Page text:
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Color Matching

Eventually, one of your architectural salespeople is going to bring in a sample of concrete from another producer and ask if your operation can produce it. Don’t worry, because you may not be able to get an exact match, but you can certainly take a stab at it without tying up profitable machine time. Percentage out your closest matching architectural mix design to a 500-gram representative batch and adjust your pigment loading as needed. If you’ve got a vibrating table and a form, you should be able to simulate your consolidation. Put the samples on a blank pallet in your curing chamber and when the cycle’s complete, see how close you got to the salesperson’s sample. There are some nuances that need to be addressed when sample matching, so if you need help contact NCMA Production Specialist Mike Maroney.

Do you have a production question? ASK MIKE!

Smartphones and site solutions

A picture is worth a thousand words, but it’s also the best way to start the process of resolving issues on the jobsite. We all get photos sent to us to explain and demonstrate a situation that our customers are going through. The question is do you have a defined policy for whom to send the photos and a step-by-step, detailed process as to how that solution will be found. For more information on developing a documentation plan, please contact NCMA’s Production Specialist Mike Maroney.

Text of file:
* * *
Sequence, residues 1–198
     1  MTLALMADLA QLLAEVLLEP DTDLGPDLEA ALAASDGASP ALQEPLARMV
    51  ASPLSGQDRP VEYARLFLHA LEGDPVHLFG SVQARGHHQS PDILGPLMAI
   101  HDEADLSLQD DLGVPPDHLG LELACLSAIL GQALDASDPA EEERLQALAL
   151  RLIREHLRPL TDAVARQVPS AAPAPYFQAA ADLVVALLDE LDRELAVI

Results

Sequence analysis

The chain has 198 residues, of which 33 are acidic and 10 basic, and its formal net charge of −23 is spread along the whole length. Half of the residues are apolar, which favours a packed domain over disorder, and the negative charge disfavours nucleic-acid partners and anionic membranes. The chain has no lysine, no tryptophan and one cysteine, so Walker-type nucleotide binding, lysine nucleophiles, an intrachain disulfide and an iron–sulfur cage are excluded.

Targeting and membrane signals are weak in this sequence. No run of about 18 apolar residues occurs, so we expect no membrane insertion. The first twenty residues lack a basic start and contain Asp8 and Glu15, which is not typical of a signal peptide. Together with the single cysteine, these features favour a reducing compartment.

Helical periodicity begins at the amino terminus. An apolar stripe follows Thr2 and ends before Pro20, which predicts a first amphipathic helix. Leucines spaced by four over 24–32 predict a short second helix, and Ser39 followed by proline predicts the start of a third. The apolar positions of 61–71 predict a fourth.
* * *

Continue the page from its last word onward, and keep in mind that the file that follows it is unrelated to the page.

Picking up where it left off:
Do you have a production question? ASK MIKE!

Cleaning house

If you scheduled your spring production correctly, your yard should be seeing some significant inventory turns due to the summer demand for hardscapes and do-it-yourself projects from the local hardware stores. As the inventory leaves, take some time to clean out the lots before you fill them again. It’s an ideal time to get behind the rows and clean up any debris or loose stretch wrap along the fence line. It’s also a great opportunity to take a look and see what inventory you made that didn’t take off as quickly as anticipated. Segregate it and get it out of your yard before you end up having degraded stretch wrap and aged pallet decay, potentially causing more than eyesore. For more information, contact NCMA Production Specialist Mike Maroney.

Do you have a production question? ASK MIKE!

Shift change and variability

Alan Perlis, a mid-twentieth century computer scientist stated, “One man’s constant is another man’s variable.” It’s a profound statement especially when considering the dynamics of operations running two shifts. More often than not, adjustments and settings are changed when one machine operator takes over for the next as every equipment operator has their own method of operation and adjustment, this is a fact, and it’s good as long as the information is being shared with the next shift operator. Once again, communication is the key to success and a way of maintaining consistency in production. For more information on variability and shift transition, contact NCMA Production Specialist Mike Maroney. Do you have a question about production? ASK MIKE.